has been teaching crafts for three decades to both children
and adults. After working as a computer programmer for many
years, she owned Little Lamb Quilt Shop in Barrington, NH.
Now retired, quilting is her passion.
Reeze Hanson (issue 7/2017)
L. Hanson has been a quilter since 1997 and has taught numerous
quilt classes, workshops, retreats, and shop classes in a
wide variety of project and skill levels. She is a skillful
quilter, pattern designer, and lecturer with her own pattern
company, Morning Glory Designs, started in 2007.
She already has more than 12 patterns on the market and more
in development. Her patterns have appeared on the pages of
Quilter's World and McCall's Quilting
and have been featured in several books including Jumpstart
Your Quilting and Golden's Journal.
Reeze's design style was inspired
by her busy life and by wanting to make complex-looking pieced
and applique quilts using simple and fast techniques geared
toward working women and beginners. If I didn't speed
up the process somehow I would never get anything done! There
are just too many designs running around in my head and too
little time to get them all completed. I want to share them
with other busy quilters so they can enjoy beautiful quilts
even as they are developing their skills. In addition,
teaching beginning quilters revealed the need for pattern
instructions that are clear, detailed and illustrated so a
quilter of any skill level could follow them successfully.
Roschelle Heuberger (issue
Heuberger is a self-taught quilter who has been quilting for
over twenty years. She currently resides in Midland, Michigan,
with her senior rescued animals. She is a professor at a large
university. For years she has donated her quilts to animal
rescue groups to raise funds for abandoned senior animals.
After being diagnosed with breast
cancer, she decided to start a 501c3 charitable organization
that would benefit these animals nationwide by using quilts
as fundraising tools. After the charity Quilts to the Rescue
was born she taught herself to use a computerized long arm
in order to quilt tops sent to her from all over the country
by animal-loving quilters.
Quilts to the Rescue allows her to
meet wonderful animal rescuers and quilters from all over
and has actually saved her as well as hundreds of abandoned
critters. She attributes her survival of breast cancer to
the hope and joy the charity has brought to so many.
Belinda Jones (issue 9/2017)
Watching her great-grandmother tat,
crochet, and quilt inspired Belinda Jones interest in
the sewing arts at an early age. Great-grandmother Corkran
advised Belinda to keep her hands busy, and she has followed
that advice, never failing to leave home without a bag containing
some sort of hand-sewing project inside.
Becoming interested in quilting in
her early twenties, Belinda spent a week with her paternal
grandmother learning how to hand piece. With the help of family
members, her first quilt top was hand quilted on a frame in
her grandmother's living room. This first attempt at quilting
led Belinda to take quilting classes in piecing, appliqué,
and color application.
Today, Belinda enjoys all types of
sewing including heirloom smocking, home decoration, quilting,
and childrens clothing. She enjoys the challenge of
designing her own quilts, especially those using scrappy,
reproduction fabrics. Along with her own quilting designs,
she has created patterns for 18" dolls. Belinda and her
husband Steve live in Monroe, LA.
Connie Kaufman (issue 1/2017)
Connie is a quilter/designer/author
living in Nappanee, Indiana. She has a love of color and design
and enjoys creating a wide variety of projects. Many of her
patterns appear in books and magazines. She has published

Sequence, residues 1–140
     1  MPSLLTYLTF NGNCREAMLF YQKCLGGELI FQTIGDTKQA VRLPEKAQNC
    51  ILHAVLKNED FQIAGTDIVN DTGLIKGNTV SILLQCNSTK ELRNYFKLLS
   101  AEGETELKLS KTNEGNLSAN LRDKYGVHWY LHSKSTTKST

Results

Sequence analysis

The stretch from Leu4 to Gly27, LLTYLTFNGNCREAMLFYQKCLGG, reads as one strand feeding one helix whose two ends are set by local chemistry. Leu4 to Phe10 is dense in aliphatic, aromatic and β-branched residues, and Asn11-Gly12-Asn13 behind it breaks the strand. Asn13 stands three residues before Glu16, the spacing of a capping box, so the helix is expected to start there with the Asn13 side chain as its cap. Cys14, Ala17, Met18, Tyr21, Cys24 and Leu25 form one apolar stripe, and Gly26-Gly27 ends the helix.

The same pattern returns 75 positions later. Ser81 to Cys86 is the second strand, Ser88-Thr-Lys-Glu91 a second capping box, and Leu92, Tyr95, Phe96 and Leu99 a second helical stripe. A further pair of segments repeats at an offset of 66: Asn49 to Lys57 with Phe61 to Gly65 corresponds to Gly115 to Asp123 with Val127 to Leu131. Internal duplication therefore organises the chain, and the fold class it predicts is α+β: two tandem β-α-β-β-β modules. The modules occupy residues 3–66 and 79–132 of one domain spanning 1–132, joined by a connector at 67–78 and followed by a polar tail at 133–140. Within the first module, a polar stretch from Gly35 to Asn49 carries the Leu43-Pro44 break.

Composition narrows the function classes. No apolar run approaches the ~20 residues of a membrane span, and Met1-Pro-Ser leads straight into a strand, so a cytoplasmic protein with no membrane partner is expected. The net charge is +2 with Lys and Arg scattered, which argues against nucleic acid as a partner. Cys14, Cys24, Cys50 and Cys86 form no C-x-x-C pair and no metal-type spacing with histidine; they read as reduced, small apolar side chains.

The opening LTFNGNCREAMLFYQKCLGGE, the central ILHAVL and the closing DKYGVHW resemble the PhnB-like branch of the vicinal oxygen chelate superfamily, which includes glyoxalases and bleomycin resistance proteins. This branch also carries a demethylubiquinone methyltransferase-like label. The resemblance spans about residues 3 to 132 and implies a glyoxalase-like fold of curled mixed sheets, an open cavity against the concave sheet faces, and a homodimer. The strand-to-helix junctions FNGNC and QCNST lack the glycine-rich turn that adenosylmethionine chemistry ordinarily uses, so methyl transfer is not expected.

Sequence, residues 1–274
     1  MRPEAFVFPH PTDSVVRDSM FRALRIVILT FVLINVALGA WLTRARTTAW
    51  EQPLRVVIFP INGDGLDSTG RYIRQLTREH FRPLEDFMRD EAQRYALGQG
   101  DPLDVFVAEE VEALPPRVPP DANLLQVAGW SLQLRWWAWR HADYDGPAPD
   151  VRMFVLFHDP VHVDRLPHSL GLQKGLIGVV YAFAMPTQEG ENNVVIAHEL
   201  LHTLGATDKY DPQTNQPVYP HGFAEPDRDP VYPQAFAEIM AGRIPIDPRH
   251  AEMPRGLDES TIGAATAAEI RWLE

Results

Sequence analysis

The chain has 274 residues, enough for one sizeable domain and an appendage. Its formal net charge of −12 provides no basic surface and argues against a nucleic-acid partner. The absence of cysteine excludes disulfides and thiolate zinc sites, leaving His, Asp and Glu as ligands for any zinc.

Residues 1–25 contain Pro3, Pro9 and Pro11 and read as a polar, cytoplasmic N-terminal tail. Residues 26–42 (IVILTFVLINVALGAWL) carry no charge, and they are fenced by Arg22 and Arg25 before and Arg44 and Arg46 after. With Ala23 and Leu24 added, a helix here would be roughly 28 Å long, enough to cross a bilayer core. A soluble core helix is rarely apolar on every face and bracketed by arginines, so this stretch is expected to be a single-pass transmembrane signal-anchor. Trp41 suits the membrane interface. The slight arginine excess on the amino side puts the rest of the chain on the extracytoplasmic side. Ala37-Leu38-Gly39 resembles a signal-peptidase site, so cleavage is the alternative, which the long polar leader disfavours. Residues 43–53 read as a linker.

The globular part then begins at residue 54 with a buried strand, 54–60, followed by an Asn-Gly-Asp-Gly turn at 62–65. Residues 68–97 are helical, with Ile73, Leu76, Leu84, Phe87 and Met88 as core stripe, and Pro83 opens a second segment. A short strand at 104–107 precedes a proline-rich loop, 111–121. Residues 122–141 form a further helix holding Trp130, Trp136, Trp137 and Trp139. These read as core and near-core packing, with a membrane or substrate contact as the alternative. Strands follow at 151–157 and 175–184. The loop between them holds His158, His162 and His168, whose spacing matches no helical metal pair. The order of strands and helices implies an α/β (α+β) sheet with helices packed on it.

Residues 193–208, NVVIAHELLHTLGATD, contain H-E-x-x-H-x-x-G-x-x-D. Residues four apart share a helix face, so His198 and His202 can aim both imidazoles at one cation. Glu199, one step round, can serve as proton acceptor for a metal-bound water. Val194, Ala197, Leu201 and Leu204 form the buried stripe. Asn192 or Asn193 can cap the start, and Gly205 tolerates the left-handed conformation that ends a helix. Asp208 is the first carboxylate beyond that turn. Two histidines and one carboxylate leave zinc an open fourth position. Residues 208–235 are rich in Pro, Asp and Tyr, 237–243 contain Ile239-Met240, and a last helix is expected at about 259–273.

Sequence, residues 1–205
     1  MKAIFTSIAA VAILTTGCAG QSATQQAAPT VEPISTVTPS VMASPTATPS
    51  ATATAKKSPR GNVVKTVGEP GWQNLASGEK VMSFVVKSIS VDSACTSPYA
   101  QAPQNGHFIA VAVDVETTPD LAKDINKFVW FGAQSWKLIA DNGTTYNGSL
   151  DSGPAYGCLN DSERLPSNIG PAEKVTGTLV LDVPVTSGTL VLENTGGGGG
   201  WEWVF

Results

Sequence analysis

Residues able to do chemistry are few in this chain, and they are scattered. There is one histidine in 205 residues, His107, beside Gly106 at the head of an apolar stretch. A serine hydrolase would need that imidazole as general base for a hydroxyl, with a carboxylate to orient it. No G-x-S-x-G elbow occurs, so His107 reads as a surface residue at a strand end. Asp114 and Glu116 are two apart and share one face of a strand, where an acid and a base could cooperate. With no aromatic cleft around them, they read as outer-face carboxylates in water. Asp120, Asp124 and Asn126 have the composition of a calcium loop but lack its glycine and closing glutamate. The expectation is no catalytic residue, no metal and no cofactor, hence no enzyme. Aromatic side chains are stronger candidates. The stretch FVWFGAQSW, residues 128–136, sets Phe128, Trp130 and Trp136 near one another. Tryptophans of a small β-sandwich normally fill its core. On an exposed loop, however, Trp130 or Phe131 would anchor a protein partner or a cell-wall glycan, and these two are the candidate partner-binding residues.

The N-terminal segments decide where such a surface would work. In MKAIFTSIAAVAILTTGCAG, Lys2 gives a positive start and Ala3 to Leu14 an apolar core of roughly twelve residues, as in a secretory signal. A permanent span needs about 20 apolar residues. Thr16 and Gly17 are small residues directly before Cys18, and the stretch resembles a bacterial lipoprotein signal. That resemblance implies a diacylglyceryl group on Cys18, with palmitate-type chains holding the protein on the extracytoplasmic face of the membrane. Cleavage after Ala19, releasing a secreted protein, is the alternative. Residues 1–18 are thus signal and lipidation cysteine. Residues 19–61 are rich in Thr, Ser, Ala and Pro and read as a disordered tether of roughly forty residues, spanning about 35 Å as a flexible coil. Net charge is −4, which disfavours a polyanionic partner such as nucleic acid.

6 books: Piecefully Amish, 24 Kids Quilt Blocks, 24 Sunbonnet
Sue and Overall Sam Quilt Blocks, The Scrap Savers Solution
Book, Put Some Charm in Your Quilts, and Little Gems.
Visit her website and blog at:
Selina Kuyp (issue 9/2017)
a self-taught quilter and I have been on this incredible quilting
journey since 2009. Since the beginning I have searched and
tried countless techniques, spent hours learning new vocabulary
and information pertaining to fabric, thread, block assembly,
and stitching. My main goal was to get my quilt tops completed
and the prettier they were, the better! I soon realized that
I also needed to focus on getting the tops quilted! That process
in itself became a whole separate journey of learning.
I currently switch between piecing
frenzies, where I will cut and assemble patchwork tops in
varying difficulties, to quilting weeks where I want nothing
more than to sit and free-motion quilt for hours. It is through
this cycle that I have developed a love of both piecing and
quilting, both of which are very integral to this craft.
For all new quilters, or those who
ask me about making a quilt, I say, Just do it!
Pick something and start. Will there be mistakes? Of course!
You cannot learn anything new if you dont make mistakes.
So quilt on!
Jaci Lawson (issue 9/2017)
I was 9 , I saw a knitted bikini in a magazine. I thought,
I can do that! I've been creating ever since,
and my projects tend to ensnare husband, family, and unsuspecting
An art quilter from Dover, NH, I made
my first quilt in 2009. My quilts have since been shown in
local art exhibits, local and regional quilt shows, and a
local craftsman outlet. I have also designed other craft projects,
including a luggage tag design published in Quilts and
More, Summer 2011, and have given demonstrations on
art quilting techniques, fabric collage, and other art techniques,
including a 3-D challenge at the Cocheco Quilt Guild
Art Bee, of which I am a founding member. I am currently
working with a partner to create Zentangle®-style
My greatest achievement is living
happily with the same husband for over 30 years, despite dragging
him into every home and garden project I could dream up. He
lives in fear of 5 words: Honey, I have an idea!
We have 3 extraordinary daughters and 3 exceptional grandchildren.
Truly, the Lord has been good to us and blessed our home.
Carol Milne and Angie Maddaleni
and Carolyn met at their local quilt shop and became instant
friends. Each has her own skill set which compliments the
other. Carolyn loves designing and trying out new techniques.
Angie is an expert quilter and has an eye for color combinations.
Their friendship developed into a business partnership, The
Bling Sisters, pattern company; a part of Computer
Craft Designs. CCD is dedicated to creating
unique designs with easy-to-read quilt pattern instructions.
Border designs in both digitized and printed form are some
of the unique features included in some of their patterns.